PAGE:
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I've created a Django/Tastypie application where multiple people could possibly be changing attributes of a row in the database at the exact same time or possibly PUT data which is stale.

For instance:

 # the Django model
 class Thing(models.Model):
      name = models.CharField(max_length=100)
      description = models.TextField()

 # the Tastypie Resource
 class ThingResource(ModelResource):
       class Meta:
           queryset = Thing.objects.all()

Now let's say any number of users could change the name or description of the Thing at any point in time. They could do it at the same time, or someone could leave the application open for a long time and come back and change it then.

What I'm trying to avoid is latent changes that are incorrect. Given the following situation:

#1 User 1: Opens app viewing Thing #1 with name = "my name", description = "my description"
#2 User 2: Opens app viewing Thing #1 (same state as User 1)
#3 User 2: Changes description of Thing #1 to "something"
#4 User 1: Changes name of Thing #1 to "some other name"

After line #4, the state of Thing #1 should be name = "some other name", description = "something" instead of name = "some other name", description = "my description".

Assuming the application does not know (in real time or via regularly updating the data on the page) ahead of time that the object on the server has changed, how can this situation be prevented?

I've considered adding a field sequence = models.PositiveIntegerField() in which I increment it every time an update is made and so I can tell if the object is out of date when the update happens, but is that the best way? Is there a better way? This seems like it would be a common pattern, right?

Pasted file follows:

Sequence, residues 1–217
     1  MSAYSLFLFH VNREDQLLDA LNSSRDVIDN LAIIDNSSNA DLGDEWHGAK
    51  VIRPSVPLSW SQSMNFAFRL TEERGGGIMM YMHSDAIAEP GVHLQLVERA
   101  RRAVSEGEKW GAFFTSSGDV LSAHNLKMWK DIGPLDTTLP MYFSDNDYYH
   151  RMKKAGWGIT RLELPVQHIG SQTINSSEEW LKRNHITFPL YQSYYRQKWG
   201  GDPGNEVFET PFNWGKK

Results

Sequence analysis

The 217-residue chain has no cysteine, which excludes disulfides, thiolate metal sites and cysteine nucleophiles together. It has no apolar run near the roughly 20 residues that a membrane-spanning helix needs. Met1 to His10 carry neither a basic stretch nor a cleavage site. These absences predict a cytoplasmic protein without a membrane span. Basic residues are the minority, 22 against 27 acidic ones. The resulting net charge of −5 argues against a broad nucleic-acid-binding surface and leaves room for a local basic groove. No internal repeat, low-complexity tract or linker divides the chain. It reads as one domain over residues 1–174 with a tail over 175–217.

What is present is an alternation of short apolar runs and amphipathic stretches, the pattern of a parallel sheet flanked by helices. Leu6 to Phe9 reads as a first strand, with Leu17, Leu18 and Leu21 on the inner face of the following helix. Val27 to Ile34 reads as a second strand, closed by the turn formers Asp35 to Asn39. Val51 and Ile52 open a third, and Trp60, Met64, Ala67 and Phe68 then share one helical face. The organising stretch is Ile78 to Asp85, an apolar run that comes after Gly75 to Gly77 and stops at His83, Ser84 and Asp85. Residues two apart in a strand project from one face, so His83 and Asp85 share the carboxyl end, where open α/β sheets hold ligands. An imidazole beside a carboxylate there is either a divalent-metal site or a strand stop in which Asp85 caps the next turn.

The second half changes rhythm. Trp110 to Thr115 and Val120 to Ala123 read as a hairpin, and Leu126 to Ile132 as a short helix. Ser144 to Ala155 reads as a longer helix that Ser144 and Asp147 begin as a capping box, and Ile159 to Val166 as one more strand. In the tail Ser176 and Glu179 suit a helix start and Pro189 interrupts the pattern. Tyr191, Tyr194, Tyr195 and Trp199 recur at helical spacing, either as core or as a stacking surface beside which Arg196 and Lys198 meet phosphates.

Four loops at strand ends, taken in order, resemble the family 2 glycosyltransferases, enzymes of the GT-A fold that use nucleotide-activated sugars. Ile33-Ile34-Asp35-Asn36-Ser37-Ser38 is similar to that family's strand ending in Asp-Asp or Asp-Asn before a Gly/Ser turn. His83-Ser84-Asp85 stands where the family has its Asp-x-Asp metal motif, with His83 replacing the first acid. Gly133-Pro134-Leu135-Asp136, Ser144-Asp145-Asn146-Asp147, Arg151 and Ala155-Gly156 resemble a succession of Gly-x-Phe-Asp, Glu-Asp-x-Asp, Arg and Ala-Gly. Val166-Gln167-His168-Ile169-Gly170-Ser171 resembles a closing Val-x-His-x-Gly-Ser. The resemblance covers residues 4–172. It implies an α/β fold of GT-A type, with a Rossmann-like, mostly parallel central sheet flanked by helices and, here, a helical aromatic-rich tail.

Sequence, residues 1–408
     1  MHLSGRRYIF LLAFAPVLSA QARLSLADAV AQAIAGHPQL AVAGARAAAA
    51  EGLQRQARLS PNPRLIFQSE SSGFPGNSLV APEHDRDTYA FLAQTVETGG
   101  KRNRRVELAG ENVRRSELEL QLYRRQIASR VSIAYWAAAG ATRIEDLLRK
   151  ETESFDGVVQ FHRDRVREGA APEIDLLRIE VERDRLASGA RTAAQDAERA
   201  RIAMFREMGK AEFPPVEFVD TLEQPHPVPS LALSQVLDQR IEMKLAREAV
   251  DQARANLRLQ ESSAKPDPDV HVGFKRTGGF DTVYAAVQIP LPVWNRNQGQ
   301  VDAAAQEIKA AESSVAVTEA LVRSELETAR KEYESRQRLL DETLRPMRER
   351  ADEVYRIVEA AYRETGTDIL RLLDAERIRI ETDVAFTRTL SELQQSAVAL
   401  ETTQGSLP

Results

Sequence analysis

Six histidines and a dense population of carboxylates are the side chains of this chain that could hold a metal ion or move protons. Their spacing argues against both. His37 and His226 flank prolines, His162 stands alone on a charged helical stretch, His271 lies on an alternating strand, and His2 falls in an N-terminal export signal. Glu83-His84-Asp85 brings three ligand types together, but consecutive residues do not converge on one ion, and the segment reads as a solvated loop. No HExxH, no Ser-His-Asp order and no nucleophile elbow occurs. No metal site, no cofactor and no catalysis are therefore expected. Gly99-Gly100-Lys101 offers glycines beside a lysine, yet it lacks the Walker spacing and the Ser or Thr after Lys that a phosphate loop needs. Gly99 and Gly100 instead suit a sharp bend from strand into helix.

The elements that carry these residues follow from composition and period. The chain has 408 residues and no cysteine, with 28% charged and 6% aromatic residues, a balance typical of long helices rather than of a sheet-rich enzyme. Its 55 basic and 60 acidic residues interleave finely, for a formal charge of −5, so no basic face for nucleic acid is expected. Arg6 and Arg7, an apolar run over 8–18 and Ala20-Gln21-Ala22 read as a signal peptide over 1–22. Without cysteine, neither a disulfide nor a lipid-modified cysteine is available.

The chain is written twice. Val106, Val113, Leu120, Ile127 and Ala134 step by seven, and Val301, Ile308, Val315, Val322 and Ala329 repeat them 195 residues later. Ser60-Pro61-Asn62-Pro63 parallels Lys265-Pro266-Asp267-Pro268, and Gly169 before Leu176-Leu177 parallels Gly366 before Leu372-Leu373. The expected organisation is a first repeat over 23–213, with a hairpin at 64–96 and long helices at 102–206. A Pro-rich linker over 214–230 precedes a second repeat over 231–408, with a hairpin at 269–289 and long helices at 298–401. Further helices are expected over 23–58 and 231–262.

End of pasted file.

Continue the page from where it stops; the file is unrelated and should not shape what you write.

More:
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1  
Keeping a version number is a widely-accepted good practice. You should of course be using a transactional database of some sort on the back end, or else no such scheme will ensure correct behavior anyway. –  Pointy Jan 9 '12 at 22:11
    
Yep, I'm using PostgreSQL. Thanks for pointing that out though –  dlamotte Jan 10 '12 at 14:22

2 Answers 2

up vote 3 down vote accepted

The RESTful way to do it is to have the client keep track of either the Last-Modified header or the Etag header returned with the resource. Then, when it POSTs, add a header like

If-Unmodified-Since: <date-noted-from-initial-GET>

or

If-Match: <etag-noted-from-initial-GET>

If the resource has been modified on the server since the client originally downloaded it, then the server should return a "Precondition Failed" response. The client can then retrieve the current version and display something sensible to the user.

Getting tastypie to respond to those headers, though, might be a bit more difficult.

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Very interesting. I read about Etags a long time ago, but now I understand how they should work. And you're right, it'd be a lot of work to get tastypie to properly respond to these and I'm not sure I'm up for that. Thanks for the answer. –  dlamotte Jan 10 '12 at 14:40

With REST, the state of resources is managed by the server, so your idea of a sequence field is spot on. The server keeps track of which version the resource is in, and the client says which version it thinks it’s creating when it sends a new version. If the client is mistaken, the server tells it so.

Ian’s suggestion of ETags or modified dates sounds like the right way to do this, and this answer to a similar question agrees. I don’t actually have much experience of this myself.

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I upvoted for confirming that my method will work. Thanks for linking the other answer, very informative. –  dlamotte Jan 10 '12 at 14:40
    
@diamotte: you’re very welcome, I thought the bit about ETags potentially just being version numbers (as opposed to a hash of the content) was pretty interesting. –  Paul D. Waite Jan 10 '12 at 17:09

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